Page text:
She is too old for ball pools and children's play areas, not mentally but physically and she does grab out at people passing by and small children, she has a particular fondness for long hair. If we go to cafe's or restaurants she swipes everything off the table and we often find the lack of disabled changing facilities difficult to go to other places, so we tend to stick to supermarkets where the ground is even, they have good changing facilities and a cafe without fancy table cloths for her to pull off.

Prior to us leaving the UK, we had her home every weekend and visited her in her own home 30 miles from ours once a week. When we left the UK, we didn't abandon her or our other adult children. She is unable to visit us abroad like the other children can, a car journey is difficult with her and she needs to wear a harness, to stop her climbing out of her seat, so a flight is impossible and not fair on her to pin her in a seat for 7 plus hours, let alone the other passengers.

It was her 28th birthday yesterday. We last saw her in September, my mum calls her once a month, but that's the end of family involvement with her, the boys only visit when they're with us, but to be fair, we can't expect them to take her out and change her in the toilets. It's also difficult to visit her in her own home due to the turn over of staff. Every time we visit there are new staff, new management, new contact people. When I write or email, it's to the staff not to our daughter, she has photos of us on her wall, but we truly don't believe she knows what she is looking at.

I called her last night to wish her a happy birthday, it wasn't a pleasant call, the woman who answered the phone just said 'hello' I said who I was and was phoning from Dubai to wish her a happy birthday and to enquire as to how she was. I came off the phone very upset that the member of staff had no patience for me, I even asked her if she could make an effort to tell me our daughter was ok and reassure us that everything was alright. But I could hear in her voice and her lack of interest in the call that she thinks we've abandoned our daughter, that we don't care, that she knows our daughter better than us as she works 5 x 8 hour shifts with her a week, she probably isn't the person who answers the emails. or is on shift when the post arrives or my mother calls. She has only been in the job since mid September as I didn't recognise her name. The management have made no effort again to fill the care staff in on her history and family background, they probably look at the pictures on the wall and see a forgotten family, a family they don't see, a family the care staff know nothing about and assume we've just dumped and run.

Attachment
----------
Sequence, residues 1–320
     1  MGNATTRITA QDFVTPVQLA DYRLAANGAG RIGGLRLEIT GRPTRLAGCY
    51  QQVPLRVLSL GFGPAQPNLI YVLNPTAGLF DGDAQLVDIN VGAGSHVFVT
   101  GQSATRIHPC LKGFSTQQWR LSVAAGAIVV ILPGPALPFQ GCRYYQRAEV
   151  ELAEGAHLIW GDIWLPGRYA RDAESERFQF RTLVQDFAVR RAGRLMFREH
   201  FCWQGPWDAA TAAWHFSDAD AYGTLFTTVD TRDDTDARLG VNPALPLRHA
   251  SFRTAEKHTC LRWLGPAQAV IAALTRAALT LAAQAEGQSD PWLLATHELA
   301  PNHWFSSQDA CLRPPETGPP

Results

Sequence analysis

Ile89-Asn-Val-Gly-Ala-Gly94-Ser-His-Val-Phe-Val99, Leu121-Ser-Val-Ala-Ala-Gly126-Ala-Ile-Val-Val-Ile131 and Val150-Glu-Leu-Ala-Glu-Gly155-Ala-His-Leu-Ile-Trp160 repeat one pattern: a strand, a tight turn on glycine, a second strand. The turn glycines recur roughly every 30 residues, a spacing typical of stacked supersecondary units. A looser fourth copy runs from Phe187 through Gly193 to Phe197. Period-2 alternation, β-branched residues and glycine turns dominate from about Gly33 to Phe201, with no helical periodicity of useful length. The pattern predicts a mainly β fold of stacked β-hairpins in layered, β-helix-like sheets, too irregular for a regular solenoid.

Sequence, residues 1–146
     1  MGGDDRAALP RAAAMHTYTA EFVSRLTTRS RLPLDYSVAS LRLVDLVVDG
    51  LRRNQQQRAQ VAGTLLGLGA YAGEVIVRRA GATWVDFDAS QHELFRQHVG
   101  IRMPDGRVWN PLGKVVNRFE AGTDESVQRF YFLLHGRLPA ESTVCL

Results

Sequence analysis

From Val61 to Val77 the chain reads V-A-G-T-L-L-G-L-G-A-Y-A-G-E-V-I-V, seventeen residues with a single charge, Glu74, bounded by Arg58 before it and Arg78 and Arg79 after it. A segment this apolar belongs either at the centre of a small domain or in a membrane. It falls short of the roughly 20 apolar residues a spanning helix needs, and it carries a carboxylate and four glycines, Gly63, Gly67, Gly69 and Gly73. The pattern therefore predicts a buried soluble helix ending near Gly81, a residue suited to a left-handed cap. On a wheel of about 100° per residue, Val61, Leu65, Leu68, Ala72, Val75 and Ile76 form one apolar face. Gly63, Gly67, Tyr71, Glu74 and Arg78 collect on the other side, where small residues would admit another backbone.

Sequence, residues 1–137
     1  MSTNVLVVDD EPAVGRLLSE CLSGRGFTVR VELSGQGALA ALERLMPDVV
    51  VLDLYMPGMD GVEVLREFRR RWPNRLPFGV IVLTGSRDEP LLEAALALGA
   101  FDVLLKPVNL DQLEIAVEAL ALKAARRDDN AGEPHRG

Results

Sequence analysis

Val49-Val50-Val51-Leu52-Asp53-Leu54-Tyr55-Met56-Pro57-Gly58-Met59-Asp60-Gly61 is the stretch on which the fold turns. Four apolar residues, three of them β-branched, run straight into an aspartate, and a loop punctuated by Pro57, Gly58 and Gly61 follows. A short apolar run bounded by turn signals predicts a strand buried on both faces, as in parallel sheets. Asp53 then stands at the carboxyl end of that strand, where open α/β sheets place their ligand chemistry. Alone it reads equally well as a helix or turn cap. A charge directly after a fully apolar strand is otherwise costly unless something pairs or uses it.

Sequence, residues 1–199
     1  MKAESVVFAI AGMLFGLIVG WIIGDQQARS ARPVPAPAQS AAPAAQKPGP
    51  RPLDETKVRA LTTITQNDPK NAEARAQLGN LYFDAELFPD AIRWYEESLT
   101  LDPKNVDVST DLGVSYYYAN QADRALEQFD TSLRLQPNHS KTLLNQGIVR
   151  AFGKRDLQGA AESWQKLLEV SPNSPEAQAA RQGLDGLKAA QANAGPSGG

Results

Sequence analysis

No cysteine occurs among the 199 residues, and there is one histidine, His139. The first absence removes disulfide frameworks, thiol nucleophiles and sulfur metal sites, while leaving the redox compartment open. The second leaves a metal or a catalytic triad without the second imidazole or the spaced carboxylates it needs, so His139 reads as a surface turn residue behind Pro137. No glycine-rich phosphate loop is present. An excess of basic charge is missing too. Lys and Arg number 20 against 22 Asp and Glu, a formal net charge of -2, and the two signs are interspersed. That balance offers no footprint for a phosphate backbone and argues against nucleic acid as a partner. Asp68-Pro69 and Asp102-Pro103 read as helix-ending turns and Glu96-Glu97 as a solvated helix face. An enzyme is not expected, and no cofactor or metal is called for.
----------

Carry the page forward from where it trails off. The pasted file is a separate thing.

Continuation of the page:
I started my working life with SCOPE, I've worked in care for many years, I've heard the staff gossip, I've heard the assumptions they've made as to why the family don't visit. I've heard the staff moaning about how the family, when they do visit just interfere and they're the ones who are looking after their children whether they're minors or adults and heard them say how the family know nothing about their own child and how on earth could anyone just give their child away.

I'm fed of explaining to people why our daughter is in care, it's no one else's business at the end of the day. I can tell you for sure that if Gloucester Social Services didn't think she needed that level of care they certainly wouldn't be funding her full time.

Yes we feel the guilt, which is self imposed, but there's no need for anyone else, however well meaning or just thoughtless they are to add to it.

We also have a child in boarding school in the UK and no we haven't abandoned him either.


Thursday, 4 February 2016

January in the garden with HDYGG?

I've not been up to much in the garden, in fact I've done very little in January compared to previous months as I've returned to work full time.

Everything seems to be growing nicely though, I water the garden at 5.15am every morning while I wait for the kettle to boil and as it's winter the sand isn't drying out that quickly.


I've identified my 2 mystery seedlings, it would appear they are tomato plants.


The birds have taken a fancy to the tomatoes, we have so many, I don't mind them snaffling up the odd one or two.


I've lost the packaging these seeds came from, so I have no idea what they will look like when they flower, they've now been transferred to the sandpit also.


 I've over watered the lavender, I've now transferred it to the sand with some compost dug in, in the hope it will recover.



Despite regular watering, the leaves are dying on the plants, the sun doesn't stay on this part of the garden for long, maybe that's the issue.


Despite it being winter, the temps still reach the high 20's during the day and weeding the sandpit was very hot and tiring work, those roots go down a long way and had to be dug out.


I transferred some seedlings, the labels had worn off so it is 'pot luck' gardening here.


 No sign of the daffodil, that has been sitting in this pot since April.